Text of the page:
According to him, European governments should take measures to reduce demand and keep aging nuclear power plants in operation, Birol said in an interview with the Financial Times.
Russia’s recent decision to cut gas supplies to European countries could, according to the IEA chief, be a prelude to further reducing Russian gas exports.
“Europe should be prepared for a complete shutdown of Russian gas supplies,” Birol told the Financial Times. “The closer the winter is, the clearer Russia’s intentions are. I believe that the reduction in supply should prevent Europe from filling its reservoirs and increase Russia’s influence in the winter months, “he added.
Last week, Russia’s state-owned gas company Gazprom severely curtailed supplies through the Nord Stream 1 pipeline, which transports gas from Russia to Germany along the bottom of the Baltic Sea. Gazprom justifies the measure with delays in the repair of compressor turbines by Siemens Energy. However, German Economy Minister Robert Habeck described supply cuts as a politically motivated move by Russia to create uncertainty and raise gas prices.
“I do not rule out that Russia will continue to look for various problems and pretexts for further reducing gas supplies to Europe and may even stop these supplies completely,” Birol said in a statement to Reuters.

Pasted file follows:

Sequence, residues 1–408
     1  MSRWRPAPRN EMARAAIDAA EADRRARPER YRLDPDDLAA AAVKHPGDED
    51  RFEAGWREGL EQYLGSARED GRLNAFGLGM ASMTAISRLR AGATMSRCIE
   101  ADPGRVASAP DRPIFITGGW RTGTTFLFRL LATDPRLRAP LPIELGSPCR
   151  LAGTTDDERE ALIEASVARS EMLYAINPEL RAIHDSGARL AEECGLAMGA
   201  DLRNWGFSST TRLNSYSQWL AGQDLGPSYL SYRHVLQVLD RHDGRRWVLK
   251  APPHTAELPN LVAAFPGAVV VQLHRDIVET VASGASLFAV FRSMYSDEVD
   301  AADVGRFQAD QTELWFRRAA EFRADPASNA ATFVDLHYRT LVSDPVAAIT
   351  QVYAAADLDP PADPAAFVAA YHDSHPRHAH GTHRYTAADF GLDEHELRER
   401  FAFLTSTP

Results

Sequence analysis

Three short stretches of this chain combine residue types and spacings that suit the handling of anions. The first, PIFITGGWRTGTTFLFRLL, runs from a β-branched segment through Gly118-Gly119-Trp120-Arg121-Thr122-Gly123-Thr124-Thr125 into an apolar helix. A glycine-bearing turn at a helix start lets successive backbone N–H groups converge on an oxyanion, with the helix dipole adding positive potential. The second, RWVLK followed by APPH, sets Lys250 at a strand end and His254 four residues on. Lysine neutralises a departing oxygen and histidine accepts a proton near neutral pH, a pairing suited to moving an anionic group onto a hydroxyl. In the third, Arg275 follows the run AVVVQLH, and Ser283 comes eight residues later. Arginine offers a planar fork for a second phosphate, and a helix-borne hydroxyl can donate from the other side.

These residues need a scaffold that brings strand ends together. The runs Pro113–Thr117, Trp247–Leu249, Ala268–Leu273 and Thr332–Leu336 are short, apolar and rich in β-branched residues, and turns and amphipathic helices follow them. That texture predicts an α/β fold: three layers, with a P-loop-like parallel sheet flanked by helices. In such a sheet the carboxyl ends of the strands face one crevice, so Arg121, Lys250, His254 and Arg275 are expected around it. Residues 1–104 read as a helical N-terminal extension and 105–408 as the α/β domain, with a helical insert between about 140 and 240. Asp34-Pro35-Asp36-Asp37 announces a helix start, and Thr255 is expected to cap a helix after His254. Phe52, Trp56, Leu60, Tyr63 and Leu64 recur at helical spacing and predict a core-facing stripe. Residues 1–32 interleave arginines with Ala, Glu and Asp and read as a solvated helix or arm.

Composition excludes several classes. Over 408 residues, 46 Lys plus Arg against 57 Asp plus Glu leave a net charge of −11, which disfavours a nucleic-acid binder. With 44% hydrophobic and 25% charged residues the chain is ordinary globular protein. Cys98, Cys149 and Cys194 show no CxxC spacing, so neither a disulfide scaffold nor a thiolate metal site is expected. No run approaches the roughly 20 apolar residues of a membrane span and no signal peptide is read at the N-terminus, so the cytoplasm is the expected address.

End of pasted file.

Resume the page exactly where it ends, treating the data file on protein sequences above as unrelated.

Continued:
Last year, the European Union imported 155 billion cubic meters of natural gas from Russia. Russian gas thus accounted for about 45 percent of total gas imports into the EU and about 40 percent of total gas consumption in the EU.
Birol said the latest measures by European countries to reduce gas consumption, which include greater use of coal for electricity generation, were justified given the scale of the current crisis, despite concerns about rising carbon emissions. He noted that the increase in electricity production from coal is only temporary and will help maintain gas supplies for heating in the winter months.
He also added that increased emissions from coal combustion should offset the acceleration of European plans to reduce dependence on fossil fuel imports and build capacity to produce electricity from renewable sources.
However, Birol warned that the actions taken by European governments so far would probably not be enough if gas supplies from Russia were completely stopped. “I believe that with the approaching winter, more and more extensive measures will be coming regarding demand,” he said. He added that the introduction of an allocation system in gas supply remains a real possibility in the event of a disruption of Russian supplies.
The IEA chief also said that European countries should try to postpone all decommissioning plans to help reduce the amount of gas used to generate electricity. Germany is currently facing criticism that, despite the current crisis, it still plans to close all its remaining nuclear power plants, the Financial Times writes.